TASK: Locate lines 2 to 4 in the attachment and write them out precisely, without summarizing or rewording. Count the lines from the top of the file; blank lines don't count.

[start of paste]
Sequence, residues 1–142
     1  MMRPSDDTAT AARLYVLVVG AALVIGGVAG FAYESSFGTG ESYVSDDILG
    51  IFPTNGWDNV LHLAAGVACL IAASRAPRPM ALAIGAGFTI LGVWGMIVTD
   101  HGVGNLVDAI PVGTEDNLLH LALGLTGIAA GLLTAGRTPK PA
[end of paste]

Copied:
     1  MMRPSDDTAT AARLYVLVVG AALVIGGVAG FAYESSFGTG ESYVSDDILG
    51  IFPTNGWDNV LHLAAGVACL IAASRAPRPM ALAIGAGFTI LGVWGMIVTD
   101  HGVGNLVDAI PVGTEDNLLH LALGLTGIAA GLLTAGRTPK PA